“Having a clear mission and goals would help assess whether the program is consistent with the Legislature’s priorities,” said Caitlin O’Neil, a senior fiscal and policy analyst who co-authored the report. “It would help ground the conversation.”

The corrections board went to work almost immediately after Newsom called for changes last year, approving plans in March for an “enhanced inspection” process.

The work-in-progress would speed up how quickly sheriffs were put on notice about violations. It could also bring sheriffs before the board to explain why, for instance, they continued to force people with mental illness to sleep on yoga mats while on suicide watch.

Officials held listening sessions a year ago to get feedback about the changes. The first was on March 10, the night before the NBA suspended its season and the country came to understand the gravity of what was happening.

In-person jail inspections were canceled, too.

Inspection visits are carefully planned

Through summer, officials with the corrections board reviewed written policies at jails across the state and conducted inspections from afar. Advocates decried the glacial pace of change.

Newsom called for improvements to the rules which critics have long panned as being barest of bare minimums. They allow people to be locked in prolonged isolation indefinitely and have only modest requirements for mental health treatment.

The revision process sputtered during the past year as committee meetings migrated to Zoom and members retired or took different jobs. “The pandemic has been hard on this process,” said Tracie Cone, a corrections board spokeswoman.

Regarding inspections, dozens of people have called on the board to conduct unannounced visits rather than carefully orchestrated tours. Surprise inspections are common in other industries, from nursing homes to restaurants. Advocates wanted something similar.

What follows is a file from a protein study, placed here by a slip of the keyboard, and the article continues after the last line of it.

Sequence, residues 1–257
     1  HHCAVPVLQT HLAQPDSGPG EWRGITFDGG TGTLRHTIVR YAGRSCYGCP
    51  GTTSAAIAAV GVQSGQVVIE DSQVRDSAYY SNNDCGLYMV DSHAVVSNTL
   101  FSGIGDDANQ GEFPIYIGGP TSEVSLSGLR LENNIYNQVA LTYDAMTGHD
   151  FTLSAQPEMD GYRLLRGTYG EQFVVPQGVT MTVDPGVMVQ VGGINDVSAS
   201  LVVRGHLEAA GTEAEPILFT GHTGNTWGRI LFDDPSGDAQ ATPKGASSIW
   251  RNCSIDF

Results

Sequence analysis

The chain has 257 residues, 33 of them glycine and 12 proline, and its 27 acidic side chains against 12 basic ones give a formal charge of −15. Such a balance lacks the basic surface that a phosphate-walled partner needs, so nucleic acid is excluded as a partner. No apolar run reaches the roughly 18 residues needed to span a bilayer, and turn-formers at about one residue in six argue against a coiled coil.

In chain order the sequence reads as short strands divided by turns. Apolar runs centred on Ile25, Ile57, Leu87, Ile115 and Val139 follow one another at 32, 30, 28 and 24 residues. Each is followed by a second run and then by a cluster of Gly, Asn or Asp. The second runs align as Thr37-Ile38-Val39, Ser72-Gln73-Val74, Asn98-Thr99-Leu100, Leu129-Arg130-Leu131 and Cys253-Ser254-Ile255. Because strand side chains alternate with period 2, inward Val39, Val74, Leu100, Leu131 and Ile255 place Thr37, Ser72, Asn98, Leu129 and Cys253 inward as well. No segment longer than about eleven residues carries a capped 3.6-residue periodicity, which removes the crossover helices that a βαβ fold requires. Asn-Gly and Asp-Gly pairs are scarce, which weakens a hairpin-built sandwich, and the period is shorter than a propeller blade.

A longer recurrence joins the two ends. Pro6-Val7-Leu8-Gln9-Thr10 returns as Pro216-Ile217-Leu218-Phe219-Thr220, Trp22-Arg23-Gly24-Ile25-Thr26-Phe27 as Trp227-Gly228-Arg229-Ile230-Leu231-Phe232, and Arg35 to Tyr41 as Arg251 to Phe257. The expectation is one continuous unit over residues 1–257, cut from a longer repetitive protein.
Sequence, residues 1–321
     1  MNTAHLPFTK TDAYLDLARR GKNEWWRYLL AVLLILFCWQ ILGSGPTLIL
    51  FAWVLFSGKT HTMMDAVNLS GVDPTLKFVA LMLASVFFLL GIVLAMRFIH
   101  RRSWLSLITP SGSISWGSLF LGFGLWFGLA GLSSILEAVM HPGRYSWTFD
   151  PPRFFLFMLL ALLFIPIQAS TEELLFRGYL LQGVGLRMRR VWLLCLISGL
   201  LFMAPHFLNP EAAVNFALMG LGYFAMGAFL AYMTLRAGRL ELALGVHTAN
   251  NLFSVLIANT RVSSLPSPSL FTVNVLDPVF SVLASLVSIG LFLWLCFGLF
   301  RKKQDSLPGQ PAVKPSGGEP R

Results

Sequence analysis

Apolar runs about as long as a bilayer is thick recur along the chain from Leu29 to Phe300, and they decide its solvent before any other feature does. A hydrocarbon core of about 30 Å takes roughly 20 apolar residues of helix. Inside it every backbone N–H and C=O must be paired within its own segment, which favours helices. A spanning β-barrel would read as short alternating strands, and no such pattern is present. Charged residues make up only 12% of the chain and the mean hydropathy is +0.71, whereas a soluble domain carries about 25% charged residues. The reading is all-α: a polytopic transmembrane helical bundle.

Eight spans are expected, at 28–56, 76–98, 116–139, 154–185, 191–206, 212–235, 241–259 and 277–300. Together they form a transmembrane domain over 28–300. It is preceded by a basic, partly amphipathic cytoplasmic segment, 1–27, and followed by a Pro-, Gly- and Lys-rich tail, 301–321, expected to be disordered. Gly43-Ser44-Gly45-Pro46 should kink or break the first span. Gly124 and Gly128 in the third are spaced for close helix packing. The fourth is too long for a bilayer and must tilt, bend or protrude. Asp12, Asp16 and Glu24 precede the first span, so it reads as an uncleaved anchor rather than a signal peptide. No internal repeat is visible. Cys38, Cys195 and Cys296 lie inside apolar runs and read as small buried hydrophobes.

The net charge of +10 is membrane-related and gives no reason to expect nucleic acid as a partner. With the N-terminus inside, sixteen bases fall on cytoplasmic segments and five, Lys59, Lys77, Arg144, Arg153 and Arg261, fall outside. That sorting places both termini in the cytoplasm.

The board compiled a 101-page assessment of the listening session notes. It also rolled out part of the new inspection process earlier this month during an at-times contentious meeting about the group’s mission — or lack thereof.

“I just don’t even see the purpose of what we do if it’s announced and what is stopping us from making unannounced inspections,” said Scott Budnick, a board member and justice reform advocate. Then he got at the heart of the question so many have asked for months: “Are we their friends, or are we the inspectors?”

Linda Penner, the chair of the board who once ran Fresno County’s juvenile hall, said she didn’t know about the feasibility of unannounced visits. But in that meeting five days before the LAO report came out, she said she had been in “repeated conversations” with Newsom’s office discussing the jail oversight and “what would have to change” to enact reforms.

“We don’t operate in a vacuum,” she said. “We don’t listen just because we plan on doing nothing.”

She didn’t elaborate. In a prepared statement after the report came out, she said she was “pleased with the progress” from the past year and welcomed the LAO’s input.

A spokesperson for Newsom’s office declined to comment.

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(c)2021 The Sacramento Bee (Sacramento, Calif.)